Thursday, December 09, 2010

Gadget Review

We choose not to have cable TV at our house because, frankly, its a waste of money if all we ever did was watch reruns or listen to the news, both of which we can do for free off the internet thanks to Netflix and the BBC World News. I'm more of a radio guy myself anyway, so I was perfect happy listening to the radio.

Doing my part to support the economy (probably of China), I decided to finally break down and get a Roku internet streamer, which is a little converter box you hook up to your TV and you can pick up live streaming of movies and internet content thanks to the WiFi.

I had put off buying one because I'm cheap because I assumed it was hokey technology like those old cheap-o (and illegal) cable box descramblers you could get in the early 90's if you wanted to pirate cable TV off the main cable. I never had one of those, but I saw one a few times because a high school friend of mine had one. I remember the TV image was horrible and the sound was not quite in sync in a classic case of you-get-what-you-pay-for. (But, hey, you were ripping off "The Man.") I had assumed that streaming something off the internet would likewise be poor viewing quality and slow load/buffer times.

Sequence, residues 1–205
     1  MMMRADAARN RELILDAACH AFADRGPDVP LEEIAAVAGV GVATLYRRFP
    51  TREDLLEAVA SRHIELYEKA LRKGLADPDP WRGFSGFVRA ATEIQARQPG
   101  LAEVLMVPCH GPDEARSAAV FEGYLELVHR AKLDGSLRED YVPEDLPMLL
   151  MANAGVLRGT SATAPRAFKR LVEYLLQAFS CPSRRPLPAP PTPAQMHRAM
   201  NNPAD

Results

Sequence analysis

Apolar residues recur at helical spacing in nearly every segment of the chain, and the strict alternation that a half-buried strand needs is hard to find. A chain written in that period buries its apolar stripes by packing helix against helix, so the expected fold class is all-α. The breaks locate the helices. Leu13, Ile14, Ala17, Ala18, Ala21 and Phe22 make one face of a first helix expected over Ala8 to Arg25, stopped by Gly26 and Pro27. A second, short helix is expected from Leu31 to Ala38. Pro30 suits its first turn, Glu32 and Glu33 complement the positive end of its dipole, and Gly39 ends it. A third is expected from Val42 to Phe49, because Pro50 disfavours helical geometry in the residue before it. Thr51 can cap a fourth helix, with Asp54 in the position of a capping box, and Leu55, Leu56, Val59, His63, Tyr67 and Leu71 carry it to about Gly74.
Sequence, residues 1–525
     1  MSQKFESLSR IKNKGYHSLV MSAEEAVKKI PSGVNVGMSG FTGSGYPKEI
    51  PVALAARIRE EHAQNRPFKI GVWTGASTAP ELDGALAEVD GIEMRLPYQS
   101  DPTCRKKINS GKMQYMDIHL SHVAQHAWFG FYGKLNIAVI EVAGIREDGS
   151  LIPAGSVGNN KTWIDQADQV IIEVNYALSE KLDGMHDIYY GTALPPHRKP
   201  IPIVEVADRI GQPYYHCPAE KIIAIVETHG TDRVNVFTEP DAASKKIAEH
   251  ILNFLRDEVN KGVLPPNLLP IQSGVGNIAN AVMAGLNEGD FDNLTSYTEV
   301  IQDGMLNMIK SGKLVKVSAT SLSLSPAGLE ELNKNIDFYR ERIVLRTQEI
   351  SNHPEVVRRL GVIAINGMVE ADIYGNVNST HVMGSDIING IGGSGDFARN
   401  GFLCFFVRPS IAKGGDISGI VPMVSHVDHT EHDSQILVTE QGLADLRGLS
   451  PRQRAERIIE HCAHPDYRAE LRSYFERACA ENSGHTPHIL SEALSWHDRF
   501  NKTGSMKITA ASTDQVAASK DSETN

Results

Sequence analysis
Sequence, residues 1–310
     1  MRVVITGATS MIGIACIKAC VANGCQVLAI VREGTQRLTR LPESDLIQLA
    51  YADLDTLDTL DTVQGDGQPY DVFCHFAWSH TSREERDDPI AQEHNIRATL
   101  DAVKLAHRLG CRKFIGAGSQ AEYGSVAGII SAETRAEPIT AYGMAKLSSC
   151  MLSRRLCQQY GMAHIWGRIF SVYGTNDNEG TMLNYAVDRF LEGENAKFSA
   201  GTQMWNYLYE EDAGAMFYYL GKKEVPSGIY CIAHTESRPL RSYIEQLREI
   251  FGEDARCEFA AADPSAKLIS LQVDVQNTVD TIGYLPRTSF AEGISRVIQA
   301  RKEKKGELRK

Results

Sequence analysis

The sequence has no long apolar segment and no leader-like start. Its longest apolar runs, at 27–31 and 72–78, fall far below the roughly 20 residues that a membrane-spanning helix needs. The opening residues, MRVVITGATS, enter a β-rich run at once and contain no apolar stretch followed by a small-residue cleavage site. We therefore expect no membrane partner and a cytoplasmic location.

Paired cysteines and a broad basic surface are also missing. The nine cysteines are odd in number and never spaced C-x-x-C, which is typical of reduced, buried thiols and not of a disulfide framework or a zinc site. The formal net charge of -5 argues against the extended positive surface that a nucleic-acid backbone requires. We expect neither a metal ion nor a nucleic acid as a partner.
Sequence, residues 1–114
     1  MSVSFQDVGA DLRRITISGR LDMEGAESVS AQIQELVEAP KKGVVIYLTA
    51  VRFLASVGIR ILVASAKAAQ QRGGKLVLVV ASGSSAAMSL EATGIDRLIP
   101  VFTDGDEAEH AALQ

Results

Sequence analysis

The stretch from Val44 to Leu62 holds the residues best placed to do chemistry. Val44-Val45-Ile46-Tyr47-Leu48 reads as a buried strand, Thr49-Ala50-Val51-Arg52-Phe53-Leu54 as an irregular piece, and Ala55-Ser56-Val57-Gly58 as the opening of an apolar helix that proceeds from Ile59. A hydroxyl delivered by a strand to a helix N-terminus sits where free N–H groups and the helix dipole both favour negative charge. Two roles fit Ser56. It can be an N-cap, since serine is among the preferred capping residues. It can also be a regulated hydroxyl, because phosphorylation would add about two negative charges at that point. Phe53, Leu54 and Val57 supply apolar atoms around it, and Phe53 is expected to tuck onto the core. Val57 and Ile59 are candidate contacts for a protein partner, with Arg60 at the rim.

My Roku box came yesterday. It was much smaller than I expected, being about the size of an English muffin. This made me immediately dubious as I pulled it out of the box because it looked oddly similar to those old descrambler boxes just smaller.

I was utterly astounded at what I found when I hooked it up to my TV. It was easy to install, and it figured out how to hook right into the WiFi by itself. I did have to go to my computer and authenticate a code, but that was all I had to physically do on my computer. It was like hooking into a satellite dish. I knew you could live stream stuff off Netflix, but the sheer number of other viewing and listening options was staggering. You can get all the major newscasts from the last 24 hours; you can listen to virtually any type of news or podcasts via live stream radio; you can even hook into a channel that live streams old TV Westerns for free. (My father-in-law will love this when he visits because he's usually bored to tears when he's here because we don't have cable TV.)

There are, of course, pay per view and premium options through various websites. These range from Video where pay per download per movie to Drive In Movie Monster Classics for $3 a year (Where else can I watch The Atomic Brain and King of the Zombies?!?) and Kung Fu Movie Theater for $1.99/month (I'll be passing on that one, but if Bruce Lee is your thing then knock yourself to speak.)

If John Wayne vs. the Alien Kung Fu Zombies doesn't do it for you, you can also access the really unusual internet channels like the NASA satellite channel, the best of Cable Access from India, and Al Jazeera TV (this might be of interest to the American intelligence gathering community because its even in English.)

The level of internet technology these days if truly amazing. This was unthinkable even 10 years ago. To think we were hot stuff if we could download an MP3 file at 5 kilobytes a second. (Of course, that was back in the day when no one over 25 even knew what an MP3 was.)

Progress marches on...


No comments: